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Photograph: Virginia RollisonWarm duck confit with rhubarb and walnut compote at Duane Park
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Photograph: Virginia RollisonRoasted shrimp with Nora Mills cheese grits at Duane Park
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Photograph: Virginia RollisonPan roasted monk fish with saffron risotto cake and Jonah crab claw at Duane Park
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Photograph: Virginia RollisonRoasted rack of New Zealand lamb with polenta cake and beurre rouge at Duane Park
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Photograph: Virginia RollisonThe Widow cocktail at Duane Park
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Photograph: Virginia RollisonCucumberade cocktail at Duane Park
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Photograph: Virginia RollisonMidnight Lover cocktail at Duane Park

Meet the new Duane Park and Bowery Poetry

Two downtown arts venues—the former Bowery Poetry Club and Tribeca transplant Duane Park—join forces in the East Village.

By Jenna Scherer

For a city that thrives on its subcultures and scenes, there are surprisingly few poetry-dedicated spots in New York. So when verse-slinger and event organizer Bob Holman opened the Bowery Poetry Club in 2002, it was with the gambit that, as he puts it, “poetry would be able to sustain itself seven nights a week, from the coffeeshop in the morning to the end of the slam at night.”

Though that business model didn’t ultimately shake out, a decade down the line Holman has found a canny compromise. The rechristened “Bowery Poetry” is joining forces with Southern-inflected supper club Duane Park to share the space at 308 Bowery, which closed temporarily last July. The location will operate as Duane Park from Tuesday through Saturday, and will be given over to poetry on Sundays and Mondays starting this week. This mash-up of spoken word with burlesque and variety aims to ensure the ongoing survival of both in the neighborhood.

Last year, both venues were at a crossroads. At Duane Park’s previous location in Tribeca, the landlords were raising the rent beyond the club’s means. Meanwhile, Bowery Poetry Club was looking to rejigger its business model. Holman and Duane Park owner Marisa Ferrarin, who are old friends, made the decision to fuse the two ventures.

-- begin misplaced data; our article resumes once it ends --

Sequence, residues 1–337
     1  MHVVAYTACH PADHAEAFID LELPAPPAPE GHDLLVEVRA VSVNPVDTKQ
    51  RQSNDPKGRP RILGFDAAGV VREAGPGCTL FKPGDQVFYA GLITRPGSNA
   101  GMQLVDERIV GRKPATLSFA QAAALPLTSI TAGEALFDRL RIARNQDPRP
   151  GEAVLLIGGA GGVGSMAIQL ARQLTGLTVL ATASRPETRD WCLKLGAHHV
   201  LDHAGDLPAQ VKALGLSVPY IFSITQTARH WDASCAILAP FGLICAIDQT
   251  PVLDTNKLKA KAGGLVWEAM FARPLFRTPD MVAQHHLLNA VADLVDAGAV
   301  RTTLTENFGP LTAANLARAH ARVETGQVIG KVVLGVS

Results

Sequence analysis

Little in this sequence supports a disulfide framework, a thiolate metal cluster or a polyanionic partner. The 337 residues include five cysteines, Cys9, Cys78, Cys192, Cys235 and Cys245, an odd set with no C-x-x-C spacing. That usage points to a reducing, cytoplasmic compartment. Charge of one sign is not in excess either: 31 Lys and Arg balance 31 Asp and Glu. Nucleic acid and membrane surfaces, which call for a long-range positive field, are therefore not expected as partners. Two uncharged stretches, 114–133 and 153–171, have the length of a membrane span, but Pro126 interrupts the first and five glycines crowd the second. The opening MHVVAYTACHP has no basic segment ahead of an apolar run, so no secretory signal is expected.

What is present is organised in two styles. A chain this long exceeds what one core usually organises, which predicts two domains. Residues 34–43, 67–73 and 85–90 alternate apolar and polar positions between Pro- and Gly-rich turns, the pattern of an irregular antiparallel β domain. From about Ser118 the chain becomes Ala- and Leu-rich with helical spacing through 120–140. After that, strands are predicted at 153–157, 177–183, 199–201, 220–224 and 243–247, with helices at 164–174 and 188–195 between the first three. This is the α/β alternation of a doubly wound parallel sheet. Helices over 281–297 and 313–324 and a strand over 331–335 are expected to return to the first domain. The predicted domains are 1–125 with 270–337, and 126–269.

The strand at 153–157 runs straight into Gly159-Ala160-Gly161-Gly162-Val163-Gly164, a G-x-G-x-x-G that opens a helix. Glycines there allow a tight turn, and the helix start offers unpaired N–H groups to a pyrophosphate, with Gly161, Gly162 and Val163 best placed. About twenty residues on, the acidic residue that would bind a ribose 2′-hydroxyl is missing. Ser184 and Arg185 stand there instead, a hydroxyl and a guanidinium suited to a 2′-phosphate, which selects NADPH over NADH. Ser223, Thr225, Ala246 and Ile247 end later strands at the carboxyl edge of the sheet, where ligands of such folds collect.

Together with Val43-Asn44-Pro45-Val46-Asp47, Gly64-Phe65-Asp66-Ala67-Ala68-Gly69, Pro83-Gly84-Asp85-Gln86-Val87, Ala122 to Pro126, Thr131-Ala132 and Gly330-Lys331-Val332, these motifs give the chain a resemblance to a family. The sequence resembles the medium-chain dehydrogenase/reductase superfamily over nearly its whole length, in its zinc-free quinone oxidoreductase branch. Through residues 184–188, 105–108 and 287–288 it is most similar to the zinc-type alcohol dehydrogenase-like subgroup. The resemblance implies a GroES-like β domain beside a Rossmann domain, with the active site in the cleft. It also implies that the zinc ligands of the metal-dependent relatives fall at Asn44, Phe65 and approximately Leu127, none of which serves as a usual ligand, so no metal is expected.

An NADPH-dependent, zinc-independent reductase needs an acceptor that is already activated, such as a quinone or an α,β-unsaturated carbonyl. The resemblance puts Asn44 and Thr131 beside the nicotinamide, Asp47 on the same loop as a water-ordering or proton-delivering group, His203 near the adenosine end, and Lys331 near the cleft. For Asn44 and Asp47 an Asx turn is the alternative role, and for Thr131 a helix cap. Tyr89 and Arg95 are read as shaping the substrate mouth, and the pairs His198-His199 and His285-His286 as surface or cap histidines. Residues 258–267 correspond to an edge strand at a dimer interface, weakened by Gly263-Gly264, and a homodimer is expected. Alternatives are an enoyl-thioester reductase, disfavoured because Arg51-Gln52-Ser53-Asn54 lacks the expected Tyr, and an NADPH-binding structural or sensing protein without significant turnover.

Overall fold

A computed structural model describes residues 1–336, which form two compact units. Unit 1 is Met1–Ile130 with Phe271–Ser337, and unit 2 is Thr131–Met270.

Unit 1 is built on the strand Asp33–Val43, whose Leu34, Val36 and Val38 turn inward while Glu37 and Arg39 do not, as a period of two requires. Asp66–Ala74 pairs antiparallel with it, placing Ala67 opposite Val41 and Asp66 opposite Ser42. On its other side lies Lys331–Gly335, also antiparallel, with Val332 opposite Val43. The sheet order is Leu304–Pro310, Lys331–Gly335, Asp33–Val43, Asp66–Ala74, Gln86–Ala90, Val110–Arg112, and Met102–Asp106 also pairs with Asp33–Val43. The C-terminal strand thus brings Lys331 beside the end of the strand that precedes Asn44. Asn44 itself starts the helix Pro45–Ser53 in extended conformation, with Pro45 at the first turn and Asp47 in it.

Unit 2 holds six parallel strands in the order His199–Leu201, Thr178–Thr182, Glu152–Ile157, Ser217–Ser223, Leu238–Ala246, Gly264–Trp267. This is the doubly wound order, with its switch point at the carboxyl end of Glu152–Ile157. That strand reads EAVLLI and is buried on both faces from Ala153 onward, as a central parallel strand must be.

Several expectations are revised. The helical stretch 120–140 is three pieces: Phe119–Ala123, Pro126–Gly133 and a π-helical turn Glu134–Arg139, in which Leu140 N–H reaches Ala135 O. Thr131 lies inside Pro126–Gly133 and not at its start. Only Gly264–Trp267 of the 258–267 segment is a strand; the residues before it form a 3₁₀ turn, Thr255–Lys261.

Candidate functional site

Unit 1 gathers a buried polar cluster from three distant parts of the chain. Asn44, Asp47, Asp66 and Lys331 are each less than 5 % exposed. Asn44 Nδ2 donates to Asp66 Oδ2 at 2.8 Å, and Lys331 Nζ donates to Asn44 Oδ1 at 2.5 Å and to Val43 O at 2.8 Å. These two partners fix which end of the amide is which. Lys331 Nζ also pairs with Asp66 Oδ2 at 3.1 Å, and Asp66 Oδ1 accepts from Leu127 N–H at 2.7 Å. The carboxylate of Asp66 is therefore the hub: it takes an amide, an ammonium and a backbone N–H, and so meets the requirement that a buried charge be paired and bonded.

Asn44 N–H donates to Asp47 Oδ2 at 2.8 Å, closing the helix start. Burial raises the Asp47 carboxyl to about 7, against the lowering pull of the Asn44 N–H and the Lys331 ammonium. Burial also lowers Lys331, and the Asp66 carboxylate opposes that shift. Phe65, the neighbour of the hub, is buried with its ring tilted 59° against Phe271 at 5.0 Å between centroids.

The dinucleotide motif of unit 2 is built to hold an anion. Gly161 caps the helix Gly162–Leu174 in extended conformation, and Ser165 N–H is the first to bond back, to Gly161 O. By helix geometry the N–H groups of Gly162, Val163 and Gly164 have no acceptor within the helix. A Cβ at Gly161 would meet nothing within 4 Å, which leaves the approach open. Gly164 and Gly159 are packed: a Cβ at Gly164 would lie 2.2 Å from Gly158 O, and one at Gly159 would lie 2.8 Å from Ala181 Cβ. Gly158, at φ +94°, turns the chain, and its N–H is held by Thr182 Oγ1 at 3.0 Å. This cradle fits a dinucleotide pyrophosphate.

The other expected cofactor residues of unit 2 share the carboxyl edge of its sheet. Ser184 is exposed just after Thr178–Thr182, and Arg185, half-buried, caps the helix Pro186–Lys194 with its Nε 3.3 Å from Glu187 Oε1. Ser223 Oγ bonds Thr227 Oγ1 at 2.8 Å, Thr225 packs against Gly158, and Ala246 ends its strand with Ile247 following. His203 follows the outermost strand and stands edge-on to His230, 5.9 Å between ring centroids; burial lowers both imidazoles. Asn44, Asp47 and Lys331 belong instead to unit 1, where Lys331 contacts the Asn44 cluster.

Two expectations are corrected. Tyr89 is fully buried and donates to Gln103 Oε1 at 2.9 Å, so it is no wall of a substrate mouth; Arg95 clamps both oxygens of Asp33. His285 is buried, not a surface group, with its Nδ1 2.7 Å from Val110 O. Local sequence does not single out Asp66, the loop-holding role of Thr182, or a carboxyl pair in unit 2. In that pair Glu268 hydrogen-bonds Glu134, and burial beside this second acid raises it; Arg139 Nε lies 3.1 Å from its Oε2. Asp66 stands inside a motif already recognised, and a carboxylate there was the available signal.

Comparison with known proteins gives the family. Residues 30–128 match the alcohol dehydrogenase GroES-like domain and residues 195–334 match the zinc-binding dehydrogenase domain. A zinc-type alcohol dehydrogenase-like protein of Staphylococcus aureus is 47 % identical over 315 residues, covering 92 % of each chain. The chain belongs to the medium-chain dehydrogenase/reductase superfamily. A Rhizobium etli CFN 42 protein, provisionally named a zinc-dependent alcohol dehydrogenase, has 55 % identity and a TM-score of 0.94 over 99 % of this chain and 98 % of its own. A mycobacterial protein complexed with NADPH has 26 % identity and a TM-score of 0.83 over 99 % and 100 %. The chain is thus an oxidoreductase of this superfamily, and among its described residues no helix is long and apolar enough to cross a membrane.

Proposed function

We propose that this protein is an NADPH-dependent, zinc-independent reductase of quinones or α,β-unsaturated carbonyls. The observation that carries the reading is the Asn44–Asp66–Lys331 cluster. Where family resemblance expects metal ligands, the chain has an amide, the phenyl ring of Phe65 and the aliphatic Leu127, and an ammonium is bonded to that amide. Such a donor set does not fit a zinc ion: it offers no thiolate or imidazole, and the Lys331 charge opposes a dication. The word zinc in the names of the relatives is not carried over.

“It’s a perfect match,” explains Ferrarin. “Tribeca was the totally wrong area for us—it’s a very sleepy neighborhood. Here, we’ll actually get people walking in off the street.” The relocation involves a complete overhaul of the old BPC space, courtesy of British artist Paul Etienne Lincoln, to re-create the glamorous New Orleans–style aesthetic of Duane Park’s previous digs. “We’re turning it into a magnificent palace. It’s going to be gorgeous,” says Ferrarin.

For Holman, the partnership relieves the financial pressures of running the venue full-time, allowing him to refocus on his original goal: “to give poets a place to speak their words.” He says, “I’m a poet; I’m not really wanting to be on the business end. And Duane Park knows how to run a business.”

The new venture fits firmly in the continuum for the neighborhood, whose history as a downtown arts hub dates back to the early 19th century. “It’s really the birthplace of the populist arts in New York,” says Holman. “Up and down the Bowery, you’ll find the birthplace of vaudeville, tap dance, burlesque, Yiddish theater, the punk scene, free jazz.… I see the programming that’s going on at Duane Park as a continuation of that.”

308 Bowery between Bleecker and E Houston Sts. Bowery Poetry: 845-304-4318, Duane Park: 212-732-5555,


Coming soon

The Tassel Room
Duane Park’s regular Saturday night show continues post-relocation, featuring classy burlesque and old-school jazz. Irrepressible downtown impresario Murray Hill hosts, performers Amber Ray and Gal Friday twirl the titular tassels, and swing quintet the Stiff Gimlets provides the soundtrack. The price also includes a three-course feast with your choice of dishes from the Southern-inspired menu, such as spicy Creole bouillabaisse. Sat 16 at 8, 10:30pm; $80–$90

Garifuna-Breton Party
Bowery Poetry rings in its reopening with a shindig dedicated to two endangered languages—a cause championed by Holman, who’s currently shooting a documentary for PBS called Language Matters. The night will feature live music, dance and poetry from the Breton (from northern France) and Garifuna (from Central America) cultures, plus speakers of both tongues who live in NYC. Mon 18 6–11pm; $10


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